A crash in this morning’s final practice will force Sprint Cup championship leader Jimmie Johnson to abandon his Row 2 starting position for tomorrow’s Pure Michigan 400 at Michigan International Speedway. Early in the session, the five-time Cup champ lost control in Turn 3 before slamming into the Turn 4 wall.
With less than 10 minutes remaining in “Happy Hour,” Johnson returned to the two-mile oval in a back-up car that he’ll use in the race. But that means he’ll have to start at the rear of the field after qualifying third yesterday afternoon behind pole sitter Joey Logano and Kurt Busch.
Johnson was still able to lead this morning’s session with a lap at 199.457 miles per hour, which came when he still had the services of his primary No. 48 Hendrick Motorsports Chevrolet.
Juan Pablo Montoya (198.758) was second-quickest in the session, followed by Greg Biffle (198.725) in third, Busch (198.451) in fourth, and Jeff Gordon in fifth (198.446).
Austin Dillon, Marcos Ambrose and Trevor Bayne – all of whom will now make their way to Mid-Ohio Sports Car Course for this afternoon’s NASCAR Nationwide Series race – were sixth, 24th and 28th on the time sheets respectively.
Speaking of that event, Michael McDowell earned pole for the Nationwide Children’s Hospital 200 earlier this morning with a lap of 84.450 seconds around the winding 2.26-mile road course.
A.J. Allmendinger will start second, followed by Australian V8 Supercar veteran Owen Kelly and Kyle Larson in Row 2.
MotorSportsTalk continues its annual review of the Verizon IndyCar Series drivers that raced in 2017. The 2017 season behind the wheel was better for Ed Carpenter than either of the last two years, but still wasn’t ideal results-wise in his six oval starts.
Ed Carpenter, No. 20 Ed Carpenter Racing Chevrolet
- 2016: 25th Place (5 Starts), Best Finish 18th, Best Start 5th, 0 Top-5, 0 Top-10, 1 Lap Led, 11.2 Avg. Start, 21.8 Avg. Finish
- 2017: 22nd Place (6 Starts), Best Finish 7th, Best Start 2nd, 0 Top-5, 1 Top-10, 5 Laps Led, 11.3 Avg. Start, 12.3 Avg. Finish
Ed Carpenter’s 2017 season was largely one of frustration, both behind the wheel and as a team owner.
While a respectable turnaround in results occurred – Carpenter finished between seventh and 12th in five of his six oval races after a nightmare season of ending 18th or worse in each of his 2016 starts – this is still not what he sets out to strive for in the races he does. Lost opportunities loomed larger than any official result he or the Ed Carpenter Racing team achieved.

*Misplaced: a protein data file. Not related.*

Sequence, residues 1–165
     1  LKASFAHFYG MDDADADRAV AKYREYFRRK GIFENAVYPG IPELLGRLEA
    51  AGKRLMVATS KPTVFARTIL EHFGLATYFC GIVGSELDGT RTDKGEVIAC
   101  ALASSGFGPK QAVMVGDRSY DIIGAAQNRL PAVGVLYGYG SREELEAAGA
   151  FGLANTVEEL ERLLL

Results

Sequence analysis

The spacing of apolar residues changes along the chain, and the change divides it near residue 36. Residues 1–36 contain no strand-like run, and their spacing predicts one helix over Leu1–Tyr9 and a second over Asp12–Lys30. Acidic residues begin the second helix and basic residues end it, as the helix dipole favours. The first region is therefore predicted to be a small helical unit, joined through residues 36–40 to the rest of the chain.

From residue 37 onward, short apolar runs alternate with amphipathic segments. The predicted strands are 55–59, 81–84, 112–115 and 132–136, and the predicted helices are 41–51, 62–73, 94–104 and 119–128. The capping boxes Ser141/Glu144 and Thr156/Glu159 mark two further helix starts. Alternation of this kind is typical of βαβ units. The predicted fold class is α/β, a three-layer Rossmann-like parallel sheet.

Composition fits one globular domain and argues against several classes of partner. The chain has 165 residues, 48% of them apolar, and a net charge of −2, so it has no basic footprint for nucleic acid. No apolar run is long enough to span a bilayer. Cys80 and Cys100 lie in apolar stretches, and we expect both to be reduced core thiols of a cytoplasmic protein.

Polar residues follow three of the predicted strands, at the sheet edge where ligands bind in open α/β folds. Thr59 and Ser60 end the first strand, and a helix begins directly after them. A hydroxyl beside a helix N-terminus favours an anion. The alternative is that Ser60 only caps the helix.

Carpenter and new teammate JR Hildebrand, in for the departed Josef Newgarden, dominated preseason testing in Phoenix but Hildebrand could only muster third in the race, Carpenter a season-best seventh. Then at Indianapolis, Carpenter (second) and Hildebrand (sixth) flew the flag for Chevrolet in qualifying and practice pace, but they fell to 11th and 16th on race day owing to a front-wing change and late-race penalty for passing before a restart.
Both drivers got collected in incidents at Texas. Hildebrand qualified and finished a season-best second in Iowa but that result came only after the ECR crew rebuilt his car from a crash in practice. Then Carpenter had a practice crash in Pocono and despite a rapid rebuild, they missed the clock to qualify by mere minutes and were unable to do so. Carpenter’s spin on a slick Gateway track at the start of the race sent him over Will Power’s nose assembly in one of the scarier looking incidents of the year, although fortunately he was OK.
In a similar refrain as we often write, it’s not that Carpenter’s lost his ability to drive and he remains one of the series’ savviest and smartest people in the paddock. There have been a lot of extenuating circumstances of late, and it almost felt as though this team had “empty nest” components. Since September, Carpenter has had to secure his team’s future with a move away from its Speedway, Ind. shop, line up Spencer Pigot for a full-time drive replacing Hildebrand in the No. 21 car, find a new road/street course driver in the No. 20 car, and manage both driving and owning himself.